KENTUCKY RETIREMENT SYSTEMS V. BROWN
EMPLOYMENT: Government disability retirement
PANEL: ACCRESS PRESIDING; DISCON, KELLER CONCUR
DATE RENDERED: 12/28/2007
In this appeal, the COA held that pre-employment smoking behavior was not a "condition" to deny disability for COPD.
Kentucky Retirement Systems (the Systems) appealed Franklin Circuit Court’s reversal of a decision of the Disability Appeals Committee of the Board of Trustees of the Kentucky Retirement Systems (the Board) that Barbara Brown did not qualify for disability retirement benefits under KRS1 61.600. Mrs. Brown passed away from her disabling condition, chronic obstructive pulmonary disease or COPD, before the Franklin Circuit Court rendered its decision in this case. Her husband, Dillard Wayne Brown, chose to continue this action as executor of her estate.
Mrs. Brown had not been diagnosed prior to her employment with COPD, and although she had changes in her lungs suggestive of COPD, there was not yet a firm diagnosis and her diagnosis was Mrs. Brown was suffering from “[a]cute bronchitis”. In 2001, she was first diagnosed with COPD and Mrs. Brown’s condition worsened to the point that she was in need of oxygen virtually around the clock. Her last date of paid employment May 31, 2003.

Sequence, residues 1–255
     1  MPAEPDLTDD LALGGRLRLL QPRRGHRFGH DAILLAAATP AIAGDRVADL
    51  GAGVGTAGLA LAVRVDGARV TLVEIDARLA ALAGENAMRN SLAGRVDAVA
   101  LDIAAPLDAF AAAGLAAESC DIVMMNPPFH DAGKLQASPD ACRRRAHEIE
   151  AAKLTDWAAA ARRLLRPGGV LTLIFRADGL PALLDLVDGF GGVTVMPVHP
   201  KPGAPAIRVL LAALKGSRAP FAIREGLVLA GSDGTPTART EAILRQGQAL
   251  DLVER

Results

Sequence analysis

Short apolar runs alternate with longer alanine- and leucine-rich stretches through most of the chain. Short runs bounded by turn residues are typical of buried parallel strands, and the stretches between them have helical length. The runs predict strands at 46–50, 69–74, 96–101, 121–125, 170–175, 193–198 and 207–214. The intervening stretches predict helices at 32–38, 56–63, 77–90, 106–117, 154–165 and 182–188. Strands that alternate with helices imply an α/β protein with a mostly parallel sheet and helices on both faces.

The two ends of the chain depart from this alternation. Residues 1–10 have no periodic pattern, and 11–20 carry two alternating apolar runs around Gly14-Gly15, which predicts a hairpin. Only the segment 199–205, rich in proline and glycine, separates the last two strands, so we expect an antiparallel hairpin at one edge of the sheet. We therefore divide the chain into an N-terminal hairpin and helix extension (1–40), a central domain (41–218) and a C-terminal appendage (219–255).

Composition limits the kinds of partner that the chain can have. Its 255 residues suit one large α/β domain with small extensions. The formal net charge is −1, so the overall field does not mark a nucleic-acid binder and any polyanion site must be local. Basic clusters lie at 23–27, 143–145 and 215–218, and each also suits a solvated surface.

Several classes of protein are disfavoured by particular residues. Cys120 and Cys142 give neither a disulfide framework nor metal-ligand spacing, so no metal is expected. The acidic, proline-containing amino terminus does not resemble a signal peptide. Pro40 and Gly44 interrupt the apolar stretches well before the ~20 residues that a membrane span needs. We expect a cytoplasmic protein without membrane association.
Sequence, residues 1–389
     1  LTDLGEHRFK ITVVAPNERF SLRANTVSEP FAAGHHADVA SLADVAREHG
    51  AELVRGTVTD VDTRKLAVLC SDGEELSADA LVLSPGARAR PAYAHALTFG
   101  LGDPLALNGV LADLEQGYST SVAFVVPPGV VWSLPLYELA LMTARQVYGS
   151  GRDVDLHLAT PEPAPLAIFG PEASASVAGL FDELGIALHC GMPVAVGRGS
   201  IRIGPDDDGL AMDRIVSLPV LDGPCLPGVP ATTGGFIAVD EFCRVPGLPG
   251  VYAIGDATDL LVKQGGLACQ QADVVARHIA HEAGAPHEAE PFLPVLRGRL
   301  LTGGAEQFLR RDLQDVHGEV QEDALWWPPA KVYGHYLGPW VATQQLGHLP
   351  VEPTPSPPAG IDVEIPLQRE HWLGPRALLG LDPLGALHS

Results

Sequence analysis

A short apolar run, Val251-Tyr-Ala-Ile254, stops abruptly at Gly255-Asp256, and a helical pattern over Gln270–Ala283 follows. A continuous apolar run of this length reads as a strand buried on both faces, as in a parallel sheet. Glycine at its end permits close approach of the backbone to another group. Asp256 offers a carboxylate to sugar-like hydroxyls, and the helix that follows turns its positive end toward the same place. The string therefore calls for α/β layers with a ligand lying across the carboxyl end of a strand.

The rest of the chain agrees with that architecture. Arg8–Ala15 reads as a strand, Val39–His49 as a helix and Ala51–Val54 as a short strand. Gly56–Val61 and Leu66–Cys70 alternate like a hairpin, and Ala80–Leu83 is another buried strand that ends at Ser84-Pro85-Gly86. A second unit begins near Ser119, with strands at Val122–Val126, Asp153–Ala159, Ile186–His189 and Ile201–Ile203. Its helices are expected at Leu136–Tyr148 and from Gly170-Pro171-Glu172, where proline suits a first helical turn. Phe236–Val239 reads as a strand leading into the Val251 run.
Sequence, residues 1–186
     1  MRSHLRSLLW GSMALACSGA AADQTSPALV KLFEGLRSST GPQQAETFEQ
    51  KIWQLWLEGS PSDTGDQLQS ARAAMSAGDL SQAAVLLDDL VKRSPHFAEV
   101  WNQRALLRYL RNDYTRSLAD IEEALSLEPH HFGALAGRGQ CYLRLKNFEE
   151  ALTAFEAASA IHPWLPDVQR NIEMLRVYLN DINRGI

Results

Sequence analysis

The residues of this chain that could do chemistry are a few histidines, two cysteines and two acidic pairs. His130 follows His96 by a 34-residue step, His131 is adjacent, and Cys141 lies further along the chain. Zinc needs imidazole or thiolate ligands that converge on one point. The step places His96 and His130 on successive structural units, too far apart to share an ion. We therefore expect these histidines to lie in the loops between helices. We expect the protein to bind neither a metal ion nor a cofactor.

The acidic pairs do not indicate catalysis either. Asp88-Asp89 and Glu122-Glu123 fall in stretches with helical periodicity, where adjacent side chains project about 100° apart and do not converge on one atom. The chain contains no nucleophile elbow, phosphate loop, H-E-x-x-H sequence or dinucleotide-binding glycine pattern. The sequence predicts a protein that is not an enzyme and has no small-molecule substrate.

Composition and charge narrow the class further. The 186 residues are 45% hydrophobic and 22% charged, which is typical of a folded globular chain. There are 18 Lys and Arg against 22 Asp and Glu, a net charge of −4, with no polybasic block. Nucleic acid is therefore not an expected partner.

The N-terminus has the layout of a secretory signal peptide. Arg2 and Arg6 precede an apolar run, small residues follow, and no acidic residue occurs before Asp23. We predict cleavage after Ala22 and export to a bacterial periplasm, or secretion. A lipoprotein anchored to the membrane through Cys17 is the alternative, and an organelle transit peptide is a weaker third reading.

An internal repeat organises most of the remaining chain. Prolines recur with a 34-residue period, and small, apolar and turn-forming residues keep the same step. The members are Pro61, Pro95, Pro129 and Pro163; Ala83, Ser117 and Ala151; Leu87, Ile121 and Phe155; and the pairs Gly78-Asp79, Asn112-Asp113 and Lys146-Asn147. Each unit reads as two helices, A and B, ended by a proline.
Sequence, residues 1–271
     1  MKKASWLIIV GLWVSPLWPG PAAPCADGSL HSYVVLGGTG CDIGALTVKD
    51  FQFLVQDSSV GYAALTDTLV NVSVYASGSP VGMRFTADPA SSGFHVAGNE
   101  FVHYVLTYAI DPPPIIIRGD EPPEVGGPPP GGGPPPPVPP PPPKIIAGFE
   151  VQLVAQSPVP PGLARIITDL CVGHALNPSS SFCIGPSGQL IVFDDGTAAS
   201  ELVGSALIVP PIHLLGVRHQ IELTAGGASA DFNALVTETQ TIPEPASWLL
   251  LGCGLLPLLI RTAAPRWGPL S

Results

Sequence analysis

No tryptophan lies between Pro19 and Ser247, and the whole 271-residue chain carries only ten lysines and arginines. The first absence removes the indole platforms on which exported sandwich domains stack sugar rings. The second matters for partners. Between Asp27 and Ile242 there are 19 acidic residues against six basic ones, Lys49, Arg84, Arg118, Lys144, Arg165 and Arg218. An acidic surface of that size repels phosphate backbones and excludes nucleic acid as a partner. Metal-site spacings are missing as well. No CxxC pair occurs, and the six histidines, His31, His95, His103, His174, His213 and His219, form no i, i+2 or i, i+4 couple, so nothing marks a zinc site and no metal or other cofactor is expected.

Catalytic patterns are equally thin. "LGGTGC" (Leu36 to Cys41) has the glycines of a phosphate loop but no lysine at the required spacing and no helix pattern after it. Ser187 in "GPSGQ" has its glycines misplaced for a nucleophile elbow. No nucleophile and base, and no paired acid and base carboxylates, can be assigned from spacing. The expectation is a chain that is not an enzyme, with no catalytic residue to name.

When Mrs. Brown subsequently filed for disability retirement benefits the two conditions of particular relevance was whether her disabling condition resulted directly or indirectly from disease, or condition which pre-existed membership and ifshe were able to perform her job, or a “job of like duties,” taking into consideration “any reasonable accommodation by the employer.
The Systems’ Medical Review Board examined Mrs. Brown’s application and denied her benefits, concluding that her 30-year smoking habit was a “condition which pre-existed membership.”
The COA did not interpret the word “condition” contained in KRS 61.600(3)(d) as broadly as does the Systems. The “conditions” of the claimants in all prior cases addressing the pre-existing condition issue were capable of medical or psychiatric diagnosis. See, e.g., McManus (diabetes); Lindall v. Kentucky Retirement Systems, 112 S.W.3d 391 (Ky.App. 2003)(bipolar disorder). The legislature specifically used the phrase “bodily injury, mental illness, disease, or condition” in KRS 61.600(3)(d) to indicate medically and psychiatrically diagnosable maladies only and interpreting the word “condition” to include preemployment smoking behavior would run entirely contrary to the legislature’s policy prohibiting discrimination against employees merely “because the individual is a smoker[.]” KRS 344.040.
Although the COA found no reasonable accommodation available in this case, it did discuss the availability of leave without pay and sick leave, as well as other means, of reasonable accommodation.